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Beautifully written and evocatively described, 'Journey Through the Twelve Forests' chronicles Haberman's participation in the circumambulatory exploration of the Braj region in North India. The 'Ban Yatra' or the 'Journey Through the Twelve Forests' constitutes an important and well-established circular pilgrimage that takes pilgrims around a group of sacred forests in the region of Braj; the sanctity of the forests derives from their association with Krishna, the blue-hued, amorous Hindu deity who is said to have taken birth in this region many thousands of years ago. As the pilgrims progress in their circumambulation or journey around the forests, they invariably come across a multitude of important shrines that stand to commemorate various lila-sthans or areas of Krishna's activity; typically these sacred structures/spaces were 'discovered' or erected in the late 15th and 16th centuries. This process of discovery or creation helped concretize the 'mythical' realm of Braj and provided an important impetus to the development of the fledgling Bhakti movements of the region. Importantly, this historically and theologically tumultuous period in India, witnessed an impressive literary outpouring whose effect was to enhance the standing and devotional appeal of Braj Vaishnavism; the growing sacralization of Braj, in the meanwhile, increasingly provided pilgrims with a palpable sense of Krishna's divinity and in so doing, transformed the region early on so as to make it a/the key center of Krishnaite worship.<br/><br/>Haberman's own participation in the journey is poignantly described and his personal and sensitive account of his challenging experience provide readers with unparallelled access to the spirit and feel of the Yatra. Moreover, his revealing interviews of the pilgrims sheds new and important light into the anthropology of pilgrimage and in that sense constitutes an exciting anthropological point of departure.<br/><br/>This book will be of particular interest to those with some degree of familiarity with Indian religious practice/philosophy.


Sonia Gandhi: An Extraordinary Life, An Indian Destiny
Sonia Gandhi: An Extraordinary Life, An Indian Destiny
by Mikhail Gorbachev
Edition: Hardcover
Price: £13.81

3.0 out of 5 stars Nothing extraordinary., 4 April 2014
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A pleasant and insightful read. Unfortunately, contrary to the author's submissions, this book does not break any new ground. There is very little here that's not already widely available in the public domain- the fact that the author was not even able to interview the subject of her biography seems to add somewhat to the 'unoriginal' feel of the book. More damagingly though for the author is the fact that this book is so so uncritical; it is deeply sympathetic to Mrs. Gandhi and quite frankly, reads more like a hagiography than a biography.<br/><br/>Other than the interesting sections on Sonia's early life in Italy and Cambridge, this book adds very very little to what we already know of the President of the Congress Party.


The Limits of Scripture: Vivekananda's Reinterpretation of the Vedas
The Limits of Scripture: Vivekananda's Reinterpretation of the Vedas
by Anantanand Rambachan
Edition: Hardcover

5.0 out of 5 stars Great scholarship., 4 April 2014
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The first of its kind, Rambachan's critical study provides a fresh insight into the life and teachings of Swami Vivekananda. Given the profound influence that Vivekananda exercised on the evolution of Hindu doctrine in the late 19th and early 20th century, the paucity of critical writing on his theological contribution is somewhat surprising; nevertheless Rambachan's perceptive analysis goes someway in helping to address this scholarly lacuna and for that, at least, his book and contribution deserves recognition.<br/><br/>As a modern-day proponent of Advaita Vedanta, Swami Vivekananda is sometimes described 'hagiographically' as the 'new Sankara'; after all, like Sankara, Vivekananda thought of non-duality as the zenith of religious experience and the ultimate import of India's sacred religious literature. However, beyond that, the comparison between the two thinkers begins to weaken. Rambachan argues persuasively, for example, that Vivekananda's approach to scriptural exegesis departs, quite significantly, from that of Sankara's. Both thinkers differ substantially on their normative appreciation of the Vedas; whereas, Vivekananda tends to argue for the normative supremacy of anubhava (or the experiential approach) Sankara maintains that in the absence of the Vedas, authoritative knowledge of God is simply unobtainable. Interestingly, Vivekananda's preference for religious experience over and above study of the Vedas enables him to ignore the doctrinal differences that divided and continues to divide many Hindu communities; but this, if you like, intentionally self-cultivated 'ignorance' is convenient for him since the idea of a divided Hindu is ultimately anathema to his political ambition of uniting India along religious lines. As Rambachan seeks to make clear throughout his text, Vivekananda's political ambitions are closely and inextricably intertwined with his religious project and the two really ought not to be artificially isolated. Seeking to study the latter without appreciating the former will only result in confusion and distortion. More controversially, Rambachan goes on to make the, more questionable, point that Vivekananda's depreciation for doctrine and his somewhat liberal hermenutical approach has ultimately affected, and adversely so, the state of Indian scholarship on Hinduism. All in all, a very, very good study of one of India's greatest modern Hindu proponents.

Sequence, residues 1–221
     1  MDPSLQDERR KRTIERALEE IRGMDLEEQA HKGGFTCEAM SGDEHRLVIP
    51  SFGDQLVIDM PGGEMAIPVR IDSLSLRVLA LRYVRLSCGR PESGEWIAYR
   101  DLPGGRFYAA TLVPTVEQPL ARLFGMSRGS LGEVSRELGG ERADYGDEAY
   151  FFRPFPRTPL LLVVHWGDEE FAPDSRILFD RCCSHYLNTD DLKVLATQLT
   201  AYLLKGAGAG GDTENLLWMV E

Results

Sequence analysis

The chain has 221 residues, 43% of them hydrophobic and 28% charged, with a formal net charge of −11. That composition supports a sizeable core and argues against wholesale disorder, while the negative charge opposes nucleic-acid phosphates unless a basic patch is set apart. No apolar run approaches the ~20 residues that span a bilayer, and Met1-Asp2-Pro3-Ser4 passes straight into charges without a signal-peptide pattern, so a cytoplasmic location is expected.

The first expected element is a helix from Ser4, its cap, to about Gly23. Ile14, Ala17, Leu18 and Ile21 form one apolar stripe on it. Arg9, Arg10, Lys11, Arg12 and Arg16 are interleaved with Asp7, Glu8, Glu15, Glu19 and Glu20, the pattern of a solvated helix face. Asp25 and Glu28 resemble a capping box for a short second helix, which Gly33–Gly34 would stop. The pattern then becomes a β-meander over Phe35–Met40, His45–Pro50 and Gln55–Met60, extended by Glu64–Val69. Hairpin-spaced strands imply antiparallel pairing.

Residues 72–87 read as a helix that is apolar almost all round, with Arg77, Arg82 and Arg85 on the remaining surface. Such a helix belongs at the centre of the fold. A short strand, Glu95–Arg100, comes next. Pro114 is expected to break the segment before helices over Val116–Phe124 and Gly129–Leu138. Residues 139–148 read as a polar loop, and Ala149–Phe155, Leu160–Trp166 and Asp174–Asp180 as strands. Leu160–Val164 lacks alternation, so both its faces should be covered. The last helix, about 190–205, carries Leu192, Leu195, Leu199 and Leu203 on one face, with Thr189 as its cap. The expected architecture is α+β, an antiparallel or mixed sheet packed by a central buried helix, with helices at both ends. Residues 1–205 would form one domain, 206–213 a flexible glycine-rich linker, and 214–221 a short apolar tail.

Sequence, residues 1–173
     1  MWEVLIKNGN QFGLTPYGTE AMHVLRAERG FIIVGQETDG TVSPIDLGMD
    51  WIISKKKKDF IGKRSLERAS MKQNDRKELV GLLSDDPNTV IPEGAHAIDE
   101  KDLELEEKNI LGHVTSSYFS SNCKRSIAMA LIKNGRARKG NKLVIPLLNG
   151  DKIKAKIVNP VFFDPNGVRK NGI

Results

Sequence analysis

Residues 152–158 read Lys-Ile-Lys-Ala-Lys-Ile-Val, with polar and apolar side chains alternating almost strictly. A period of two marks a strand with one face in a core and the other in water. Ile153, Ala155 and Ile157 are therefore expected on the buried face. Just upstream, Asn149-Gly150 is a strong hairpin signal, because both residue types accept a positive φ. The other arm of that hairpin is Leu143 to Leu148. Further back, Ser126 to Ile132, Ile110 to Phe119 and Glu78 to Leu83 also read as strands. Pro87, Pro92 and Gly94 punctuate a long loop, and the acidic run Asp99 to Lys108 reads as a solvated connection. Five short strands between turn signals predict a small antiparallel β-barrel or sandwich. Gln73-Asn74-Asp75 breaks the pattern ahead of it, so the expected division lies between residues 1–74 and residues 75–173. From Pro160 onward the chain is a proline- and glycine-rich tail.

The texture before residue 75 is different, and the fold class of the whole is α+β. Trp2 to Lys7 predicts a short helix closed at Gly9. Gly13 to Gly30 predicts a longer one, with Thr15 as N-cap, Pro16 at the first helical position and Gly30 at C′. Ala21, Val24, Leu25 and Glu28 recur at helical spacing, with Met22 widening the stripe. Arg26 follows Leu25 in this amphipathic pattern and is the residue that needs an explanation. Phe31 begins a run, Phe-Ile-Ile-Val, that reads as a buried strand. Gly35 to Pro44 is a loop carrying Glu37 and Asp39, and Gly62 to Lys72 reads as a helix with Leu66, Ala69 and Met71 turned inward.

Behind the Beautiful Forevers: Life, Death and Hope in a Mumbai Slum
Behind the Beautiful Forevers: Life, Death and Hope in a Mumbai Slum
by Katherine Boo
Edition: Paperback
Price: £6.99

5.0 out of 5 stars Remarkable., 4 April 2014
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A remarkable read and quite simply the best book that I have read on contemporary India. The book triumphs in its stark and unembellished portrayal of life among India's urban slum-dwellers; the real-life stories and accounts presented are poignant and at times deeply harrowing and they succeed in bringing to life the experiences of Annawadi's precarious and powerless residents. In its critique of economic inequality this book is damning, and timely.